CrowdTwist is announcing that it has raised $9 million in Series B funding.
Since the company offers tools for creating online loyalty programs, co-founder and CEO Irving Fain said that a few years ago, CrowdTwist was sometimes “gravitationally lumped into the intense fervor around gamification,” but he pointed to the new funding is a sign that it has a bigger vision, one that can provide “long-term, sustainable value to brands.”
The real key to CrowdTwist’s approach, Fain added, is the fact that it sees loyalty programs as way to gather data about customers across online, offline, mobile, and social channels — and to do so in a way where all the data is opt-in and owned by the brand itself, not a third-party provider.
“In a world where brands want to customize their experience based on who you are and the things that you care about, they need to look at eight or nine different platforms and points of data and recognize they all come from same individual,” Fain said. “Otherwise they’re never going to be able to deliver on the promise of true personalization.”
Using that data to tailor their pitch to different customers can lead to improved sales — the company says its customers see a 20 percent lift in sales on average. Moving forward, Fain said CrowdTwist will be giving businesses “more intelligence” so that they can act on this data.
He argued that since the company was founded in 2009, an increasing number of brands are talking about “multi-channel loyalty,” for example consumer packaged goods brands who sell through supermarkets or drugstores but still want to have a direct relationship with their customers. New CrowdTwist clients include Ultimate Fighting Championship, L’Oreal USA, Sport Clips, and USA Track & Field.
The company was part of the inaugural TechStars program in New York and it raised a $6 million Series A back in 2011. The new round was led by StarVest Partners, with investment from all previous backers, including Fairhaven Capital and SoftBank Capital.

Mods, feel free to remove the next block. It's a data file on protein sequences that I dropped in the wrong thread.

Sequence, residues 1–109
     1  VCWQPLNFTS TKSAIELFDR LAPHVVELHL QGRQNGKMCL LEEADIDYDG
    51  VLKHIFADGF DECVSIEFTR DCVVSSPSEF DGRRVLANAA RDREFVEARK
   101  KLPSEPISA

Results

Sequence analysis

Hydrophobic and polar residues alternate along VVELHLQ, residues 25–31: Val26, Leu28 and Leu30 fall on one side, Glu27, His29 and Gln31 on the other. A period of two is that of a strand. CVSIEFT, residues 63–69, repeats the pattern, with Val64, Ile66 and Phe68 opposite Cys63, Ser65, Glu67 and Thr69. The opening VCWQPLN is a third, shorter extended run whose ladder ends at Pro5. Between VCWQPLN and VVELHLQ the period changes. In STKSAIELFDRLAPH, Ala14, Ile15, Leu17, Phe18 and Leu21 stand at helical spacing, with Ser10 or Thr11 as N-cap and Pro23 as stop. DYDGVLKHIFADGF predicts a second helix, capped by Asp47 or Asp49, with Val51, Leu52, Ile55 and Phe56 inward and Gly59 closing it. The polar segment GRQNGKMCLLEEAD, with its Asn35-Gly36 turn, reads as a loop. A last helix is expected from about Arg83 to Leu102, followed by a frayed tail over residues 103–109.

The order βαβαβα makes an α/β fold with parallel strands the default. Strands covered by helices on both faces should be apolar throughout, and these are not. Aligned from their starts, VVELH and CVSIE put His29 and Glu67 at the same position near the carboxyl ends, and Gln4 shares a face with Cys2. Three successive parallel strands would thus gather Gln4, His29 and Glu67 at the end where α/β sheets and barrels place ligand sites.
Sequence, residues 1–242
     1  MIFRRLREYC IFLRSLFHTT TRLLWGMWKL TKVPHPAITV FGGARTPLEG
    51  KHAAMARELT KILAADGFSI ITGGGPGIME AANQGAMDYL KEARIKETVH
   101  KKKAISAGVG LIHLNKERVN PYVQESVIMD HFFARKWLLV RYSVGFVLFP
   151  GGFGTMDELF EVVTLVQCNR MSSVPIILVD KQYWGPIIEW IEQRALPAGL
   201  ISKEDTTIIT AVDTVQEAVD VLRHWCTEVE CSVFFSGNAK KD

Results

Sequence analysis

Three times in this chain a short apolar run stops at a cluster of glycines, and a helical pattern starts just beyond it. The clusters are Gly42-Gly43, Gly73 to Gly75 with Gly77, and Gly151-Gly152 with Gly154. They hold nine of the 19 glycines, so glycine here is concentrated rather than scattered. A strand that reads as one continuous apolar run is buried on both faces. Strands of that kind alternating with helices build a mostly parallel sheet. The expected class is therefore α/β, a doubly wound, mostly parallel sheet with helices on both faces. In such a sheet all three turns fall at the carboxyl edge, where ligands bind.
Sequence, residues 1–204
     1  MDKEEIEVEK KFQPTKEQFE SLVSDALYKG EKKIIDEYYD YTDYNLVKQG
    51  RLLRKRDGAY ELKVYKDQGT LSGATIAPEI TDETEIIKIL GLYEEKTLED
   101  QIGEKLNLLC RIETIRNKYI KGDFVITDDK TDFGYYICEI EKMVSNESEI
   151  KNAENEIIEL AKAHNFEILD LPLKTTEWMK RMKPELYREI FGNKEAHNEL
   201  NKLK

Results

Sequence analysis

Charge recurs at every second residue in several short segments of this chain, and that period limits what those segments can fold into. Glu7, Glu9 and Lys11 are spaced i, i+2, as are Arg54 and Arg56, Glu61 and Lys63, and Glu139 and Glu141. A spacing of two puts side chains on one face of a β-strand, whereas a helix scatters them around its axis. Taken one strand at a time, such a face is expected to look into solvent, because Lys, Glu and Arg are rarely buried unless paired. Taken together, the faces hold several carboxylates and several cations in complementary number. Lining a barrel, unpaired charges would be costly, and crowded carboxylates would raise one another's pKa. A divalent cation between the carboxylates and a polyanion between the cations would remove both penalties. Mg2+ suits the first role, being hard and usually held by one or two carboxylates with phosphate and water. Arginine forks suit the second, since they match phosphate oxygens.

Read this article: Loyalty And Marketing Analytics Startup CrowdTwist Raises $9M More
AnyPerk, a Y Combinator-incubated startup that aims to help companies of all sizes deliver employee perks, is announcing that it has raised $3 million in additional seed funding.
The startup said it already works with 2,500 customers. (One interesting example: Lyft uses AnyPerk to offer perks to its drivers). While there’s a lot of discussion right now about recruiting top-notch employees, co-founder and CEO Taro Fukuyama (pictured above) said perks and benefits are particularly important for making sure those employees stick around and feel motivated.
According to AnyPerk, there are already 400 perks in the system — the ones featured on the home page as I write this include discounts for movie theaters, gyms, restaurants, and spas. Fukuyama noted that businesses can upload their own perks into the system, making it easier for employees to take advantage of them.
When asked about other startups, such as BetterWorks, that tried and failed to build a business around employee rewards, Fukuyama said that those companies often tried to partner with local businesses. AnyPerk, on the other hand, focuses on working with national chains, making it easier to scale the business. He also said that similar perks-focused companies have already succeeded in other countries — the United States is the exception.
It seems that investors agree that there’s a big opportunity here. The current funding came from Zappos founder Tony Hsieh’s Vegas Tech Fund, Zuora CEO Tien Tzuo, Stephen Ross (who owns both the Miami Dolphins and Equinox Fitness), and others. Combined with its previous funding (from Andreessen Horowitz, SV Angel, YC, Digital Garage, Funders Club, and Cyber Agents), AnyPerk has now raised $4.5 million in seed capital.
A big part of the new funding will go toward expanding the sales and marketing team, Fukuyama said, as well as building a mobile app for redeeming perks.
Appier, an advertising technology startup, has raised a $6 million Series A from Sequoia Capital. The company, which is based in Taipei and has offices in Singapore and San Francisco, develops tech used for cross-screen targeted marketing across a wide range of devices, ranging from wearable tech to smartphones and tablet. Appier has previously raised seed funding of $1 million and its clients currently include Heineken, IKEA, Lancome, and game developers.
Founder Chih-Han Yu told TechCrunch that Appier plans to use its Series A to finance product development and further research for its integrated cross-screen targeting platform as well as expand its international sales offices.